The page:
Hedgehog highways for new developments – August 2022 update

newbury hedgehog highway

August 2022

Since Newbury Town Council’s initiative in July (see below), West Berkshire’s hedgehogs have been much in the news.

The BBC picked up on the story on 3 August. This originally quoted West Berkshire that to introduce a policy of insisting that builders add a hole to allow animals to move freely between properties would place an “overburdening condition” on developers. It has, however, since been changed ro reflect a statement issued by WBC on 5 August which cites a completely different reason, that a “blanket policy for hedgehog highways would not meet the requirements of national planning legislation because there is no specific evidence of a fall in the District’s hedgehog population.” I spoke to a couple of experts on 11 August and am trying to establish is a definitive survey does indeed exist and whether it could be sent to WBC. Certainly they are currently regarded as “Vulnerable” by the Mammal Society (working with, amongst others, Natural England). They are also a species whose health and numbers are widely regarded as indicative of the well-being of the eco-system overall: and by several measures, hedgehogs are not doing that wee. WBC’s insouciance on the matter may therefore be mis-placed.

More recently, one local pressure group has launched a petition which you can see here. If this can get to 1,500 signatures by the time it closes in min-September it will be debated at the next available WBC Full Council meeting. At the very least, this will give WBC the chance to expand on its previous slightly underwhelming statement which was also both reactive and defensive.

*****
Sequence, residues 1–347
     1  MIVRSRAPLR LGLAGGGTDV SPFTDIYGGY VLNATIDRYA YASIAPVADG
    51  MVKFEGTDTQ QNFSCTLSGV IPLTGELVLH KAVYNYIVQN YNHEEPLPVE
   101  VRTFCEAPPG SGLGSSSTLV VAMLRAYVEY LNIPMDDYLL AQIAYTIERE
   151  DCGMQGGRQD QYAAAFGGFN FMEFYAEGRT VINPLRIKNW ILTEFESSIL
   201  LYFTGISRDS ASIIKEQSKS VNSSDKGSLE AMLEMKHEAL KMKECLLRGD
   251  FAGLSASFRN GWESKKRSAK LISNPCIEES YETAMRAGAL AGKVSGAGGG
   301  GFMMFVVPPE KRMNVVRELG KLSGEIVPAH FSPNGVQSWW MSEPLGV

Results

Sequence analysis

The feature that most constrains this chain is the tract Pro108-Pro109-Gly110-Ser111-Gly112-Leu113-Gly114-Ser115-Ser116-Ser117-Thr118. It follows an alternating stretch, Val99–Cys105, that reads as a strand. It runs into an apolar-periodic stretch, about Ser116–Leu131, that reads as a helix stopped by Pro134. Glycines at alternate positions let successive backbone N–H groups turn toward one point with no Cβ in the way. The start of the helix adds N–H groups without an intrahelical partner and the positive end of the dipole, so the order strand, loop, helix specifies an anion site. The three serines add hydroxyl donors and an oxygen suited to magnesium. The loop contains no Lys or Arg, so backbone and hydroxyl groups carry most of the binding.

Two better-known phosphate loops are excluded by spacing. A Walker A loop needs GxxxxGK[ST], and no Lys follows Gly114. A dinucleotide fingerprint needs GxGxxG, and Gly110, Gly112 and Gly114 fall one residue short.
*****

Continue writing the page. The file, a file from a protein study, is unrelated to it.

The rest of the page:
To describe adding these fence holes as “overburdening” in developers is clearly laughable. The reality is that the people who would be overburdened are WBC’s own enforcement officers who already appear to have more work than they could handle. Obviously a lack of enforcement resources is no reason not to have a law or a policy – as one NTC Councillor put it to me, that would be like saying there’s no point in making murder illegal because the police aren’t always able to investigate every crime properly – but it’s fanciful to suppose that just because something does become a matter of planning policy that it will automatically happen.

It’s equally important that reasonable and beneficial measure like this become normalised. Take double-glazing. No new-build prospectus now mentions this aspect. It is a planning requirement (though only since 2002) but, even if it weren’t, it would now be very difficult to sell a house that didn’t have it. The time will come (though it hasn’t come yet) when the same will be apply to features such as solar panels and air- or ground-source heat pumps. This will be driven not only by developers trying to stay ahead of the regulatory curve and being smart about extracting PR benefit from adding a feature that’s widely seen as desirable, even if it isn’t yet mandatory; but also by buyers. Many might baulk at paying top dollar for a home which, if it lacks these features, may become hard to sell in the future.